24 Apr 2014

World Malaria Day: What’s the Buzz?


It’s a health risk for more than half the world’s population. A child dies every minute because of it. There are 207 million annual cases worldwide. And 90% of the deaths from this disease (which kills 627,000 globally) occur in Sub-Saharan Africa (source: World Health Organization).

We’re buzzing about malaria. This preventable and curable mosquito-borne illness results from a multiplication of Plasmodium parasites within red blood cells which then burst, causing symptoms that typically include fever and headache. It’s especially dangerous to women and children in Sub-Saharan Africa, where biological, environmental, and socio-economic factors mean a greatly increased risk of malaria transmission. Those at highest risk include children age 6 months to 5 years, who haven’t yet developed partial immunity to the disease, and pregnant women, whose immunity to malaria is compromised.

Invest in the future: defeat malaria. That’s the theme for this year’s World Malaria Day (April 25th). Organizations, governments, communities, and donors have all worked hard to increase access to malaria prevention, diagnosis, and treatment…But there’s still a long way to go. At The DHS Program, we’ve made great strides in collecting and analyzing malaria data for current and future  malaria control policy and programming efforts.

Here are 5 ways The DHS Program contributes to the effort to Roll Back Malaria:

1. Implementing malaria modules in the Demographic and Health Surveys (DHS), Service Provision Assessments (SPA), and Malaria Indicator Surveys (MIS).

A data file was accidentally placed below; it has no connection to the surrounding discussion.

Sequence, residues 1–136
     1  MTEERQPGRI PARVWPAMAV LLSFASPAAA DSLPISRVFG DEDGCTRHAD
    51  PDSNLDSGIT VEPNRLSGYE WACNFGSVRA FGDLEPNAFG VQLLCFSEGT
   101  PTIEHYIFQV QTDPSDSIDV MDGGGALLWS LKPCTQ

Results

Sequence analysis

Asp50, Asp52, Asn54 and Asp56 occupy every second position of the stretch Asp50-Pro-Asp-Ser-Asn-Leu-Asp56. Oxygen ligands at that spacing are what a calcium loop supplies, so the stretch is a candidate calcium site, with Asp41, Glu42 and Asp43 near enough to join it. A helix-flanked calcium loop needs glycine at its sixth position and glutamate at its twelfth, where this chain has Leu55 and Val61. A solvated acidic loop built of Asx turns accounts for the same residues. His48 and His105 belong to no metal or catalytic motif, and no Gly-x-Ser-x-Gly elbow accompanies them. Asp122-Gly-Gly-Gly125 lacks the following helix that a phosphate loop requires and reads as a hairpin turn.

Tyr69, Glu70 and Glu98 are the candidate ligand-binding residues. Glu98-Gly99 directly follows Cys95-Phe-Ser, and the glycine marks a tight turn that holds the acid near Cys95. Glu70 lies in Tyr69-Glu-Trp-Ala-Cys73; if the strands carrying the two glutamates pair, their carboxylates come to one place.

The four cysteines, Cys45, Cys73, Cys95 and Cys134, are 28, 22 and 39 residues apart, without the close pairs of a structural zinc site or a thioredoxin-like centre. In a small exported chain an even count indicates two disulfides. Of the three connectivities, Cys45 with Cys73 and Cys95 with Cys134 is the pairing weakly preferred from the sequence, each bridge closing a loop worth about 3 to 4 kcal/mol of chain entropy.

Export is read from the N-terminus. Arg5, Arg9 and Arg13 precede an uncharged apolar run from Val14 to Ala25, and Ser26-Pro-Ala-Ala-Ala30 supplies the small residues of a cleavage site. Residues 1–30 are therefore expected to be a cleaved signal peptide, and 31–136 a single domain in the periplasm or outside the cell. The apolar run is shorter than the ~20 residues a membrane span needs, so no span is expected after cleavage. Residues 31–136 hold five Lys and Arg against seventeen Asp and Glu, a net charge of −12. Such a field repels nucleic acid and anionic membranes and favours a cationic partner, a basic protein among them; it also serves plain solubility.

2012 Malawi MIS

2012 Malawi MIS

The DHS Program collects data in many DHS, SPA, and MIS surveys on a number of malaria indicators, including ownership and use of insecticide-treat nets (ITNs) by children and pregnant women, prevalence and prompt treatment of fever in children, and intermittent preventive treatment of pregnant women (IPTp). In recent years, biomarker testing for anemia and parasitemia has been added, as well as other relevant questions.

DHS surveys with malaria modules have been conducted in more than 30 countries. Ten of these countries have also conducted MIS surveys since 2005: Angola, Burundi, Kenya, Liberia, Madagascar, Malawi, Nigeria, Senegal, Tanzania and Uganda. Find out more on our Malaria Corner.

2. Developing workshops on using population-based survey data for M&E malaria control.

DHS workshop in TanzaniaPopulation-based malaria survey data are widely used for monitoring and evaluation of programs by international donor organizations, but they remain underutilized by national malaria control programs. In order to strengthen professionals’ capacity in Sub-Saharan Africa, The DHS Program will host workshops later this year in Ghana and Burkina Faso along with partners MEASURE Evaluation, the University of Ghana School of Public Health, and the Research Center in Sante de Nouna (CRSN). These one-week workshops will provide training in effective use of population-based survey data (check back with us in a few months to hear more about the workshops).

3. Analyzing malaria data for research studies.

Members of The DHS Program Analysis team dress up as Indoor Residual Spray (IRS) Sprayers for Halloween. IRS sprayers are integral to malaria prevention and control.

Members of The DHS Program Analysis team dress up as Indoor Residual Spray (IRS) Sprayers.